President Corey Rosenlee shared the HSTA position on health and safety in schools. They have recommended and appreciate that the HI DOE has agreed to continue distance learning through the first quarter.

First quarter continuing issues are that not all teachers are being permitted to telework and some students are still coming to school. School by school decisions are guiding presence on campus now. Outbreaks are occurring and HSTA believes that all students should do distance learning now. There are many reported instances of students gathering too close to each other, masks are not being worn all the time.

Second quarter plans need to be made now.  The full press conference is available in video below and in transcript below that.


Click here or the image above to watch this video on YouTube.

The Hawaii State Department of Education announced Thursday that it will continue the Learn from Home phase of distance learning for most students statewide through the first quarter, which ends Oct. 2.

All students were previously scheduled to return to campuses on Sept. 14. This announcement delays their return by three weeks.

“We’re happy that the HIDOE has decided to do distance learning for all of quarter one, however more needs to be done to ensure the health and safety of our students, staff, and school communities during this pandemic,” said Corey Rosenlee, president of the Hawaii State Teachers Association. “First, we still have too many students and teachers on some school campuses. The HSTA firmly believes schools should adopt 100-percent distance learning for all students, and that teachers should be able to telework.”

When HSTA surveyed our head faculty representatives, or school-level educator leaders across the state, the following reported groups of students who are still on campus for in-person instruction:

  • Fully self-contained or other small subsets of special education students (61%)
  • Students without devices/internet who are utilizing learning labs (28%)
  • All special education students (21%)
  • English learner students (15%)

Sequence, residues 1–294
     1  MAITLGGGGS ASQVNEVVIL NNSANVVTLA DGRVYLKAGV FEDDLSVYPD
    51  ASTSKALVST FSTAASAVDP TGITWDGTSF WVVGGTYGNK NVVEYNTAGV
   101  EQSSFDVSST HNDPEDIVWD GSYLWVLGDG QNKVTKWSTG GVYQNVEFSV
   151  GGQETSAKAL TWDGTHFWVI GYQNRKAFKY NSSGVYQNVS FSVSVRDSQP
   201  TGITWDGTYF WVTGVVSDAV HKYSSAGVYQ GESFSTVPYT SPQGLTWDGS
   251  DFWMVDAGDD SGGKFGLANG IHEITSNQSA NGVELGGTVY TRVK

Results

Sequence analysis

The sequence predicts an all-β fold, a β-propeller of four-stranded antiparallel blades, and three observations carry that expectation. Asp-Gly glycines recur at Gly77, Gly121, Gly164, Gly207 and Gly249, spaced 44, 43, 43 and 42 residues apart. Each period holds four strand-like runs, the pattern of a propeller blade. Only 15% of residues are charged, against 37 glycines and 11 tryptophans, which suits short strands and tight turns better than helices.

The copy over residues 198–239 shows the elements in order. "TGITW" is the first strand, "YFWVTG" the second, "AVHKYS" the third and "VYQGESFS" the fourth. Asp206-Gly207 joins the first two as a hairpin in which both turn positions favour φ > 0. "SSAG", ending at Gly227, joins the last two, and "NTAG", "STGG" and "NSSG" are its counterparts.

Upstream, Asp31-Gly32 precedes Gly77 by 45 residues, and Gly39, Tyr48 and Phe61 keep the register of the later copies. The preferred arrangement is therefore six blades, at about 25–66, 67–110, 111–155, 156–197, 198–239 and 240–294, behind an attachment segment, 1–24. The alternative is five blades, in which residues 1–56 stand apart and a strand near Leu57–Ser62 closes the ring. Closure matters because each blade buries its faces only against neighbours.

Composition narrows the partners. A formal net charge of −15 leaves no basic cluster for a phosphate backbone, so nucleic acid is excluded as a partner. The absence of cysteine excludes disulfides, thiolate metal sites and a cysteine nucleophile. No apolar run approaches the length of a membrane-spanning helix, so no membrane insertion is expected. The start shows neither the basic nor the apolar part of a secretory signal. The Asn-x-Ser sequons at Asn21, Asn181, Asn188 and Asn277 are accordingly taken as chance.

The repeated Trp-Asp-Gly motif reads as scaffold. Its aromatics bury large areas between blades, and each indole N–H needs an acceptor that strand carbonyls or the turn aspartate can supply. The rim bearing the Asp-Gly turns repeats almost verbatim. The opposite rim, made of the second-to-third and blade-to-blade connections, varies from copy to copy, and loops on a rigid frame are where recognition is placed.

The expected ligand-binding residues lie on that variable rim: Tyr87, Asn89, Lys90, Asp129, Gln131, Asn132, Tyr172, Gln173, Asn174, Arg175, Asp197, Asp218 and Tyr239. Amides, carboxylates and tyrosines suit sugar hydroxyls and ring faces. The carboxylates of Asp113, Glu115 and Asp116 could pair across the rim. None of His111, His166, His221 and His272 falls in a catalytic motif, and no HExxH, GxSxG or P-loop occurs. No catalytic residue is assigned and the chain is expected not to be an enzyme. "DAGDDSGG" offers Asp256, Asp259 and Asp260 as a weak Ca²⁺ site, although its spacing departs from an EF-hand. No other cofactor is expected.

• Disadvantaged students (12%)
  • Homeless students (9%)

Only 36 percent reported that their schools are utilizing 100-percent distance learning for all students.

“We want to make it very clear that there are still thousands of teachers and students that are required to be on campus every single day,” Rosenlee said. “By having so many teachers and students on campuses, we are still having outbreaks at our schools.”

HSTA is tracking nearly 30 schools that have reported at least one COVID-19 case on campus since the end of July. At Ka Umeke Kaeo, a public charter school on Hawaii Island, eight staff members tested positive for COVID-19.

HSTA is also receiving reports of teachers being denied telework, even when there are no students in their classrooms.

“Right now, the decision to allow teachers to telework has been at the whim of some complex area superintendents and principals. Some complex area superintendents have allowed teachers to be able to work from home, and others have said no. And the same thing has gone for principals. This should be a unified policy for the entire state, and unfortunately, that has not happened.

“We understand some of our members prefer to teach remotely from their classrooms, and we support teachers having a choice. But we know others want the option to teach from home, reducing their exposure to others outside their household at a time when business and government are encouraging people to work remotely whenever possible,” Rosenlee said. “The HSTA is still pursuing a class grievance and prohibited practice complaint to secure that option.”

Furthermore, the HSTA continues to push for key, successful metrics that outline the process for safely reopening schools. “Right now, no large school district in the country has been able to successfully open without a surge in cases. There needs to be clear, evidence-based metrics to ensure a successful return to in-person learning that does not create a critical health risk to our communities,” Rosenlee said.

The extension applies to all Oahu schools and most neighbor island schools. Hana High and Elementary School on Maui, and Kilohana Elementary, Maunaloa Elementary, and Molokai Middle schools on Molokai will continue their current models.

During the Learn from Home phase, schools will continue offering learning hubs on campus to provide connectivity for students who need it. Schools will also continue educational programming for vulnerable students as previously identified.

According to the HIDOE, complex area superintendents will work with school principals to develop transition plans for the second quarter with considerations for community-specific needs.

The department says it will continue to work closely with state, county, and health officials to assess if and when students can safely return to in-person blended learning models. As decisions are made, schools will communicate with families.

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Author: Terri Inefuku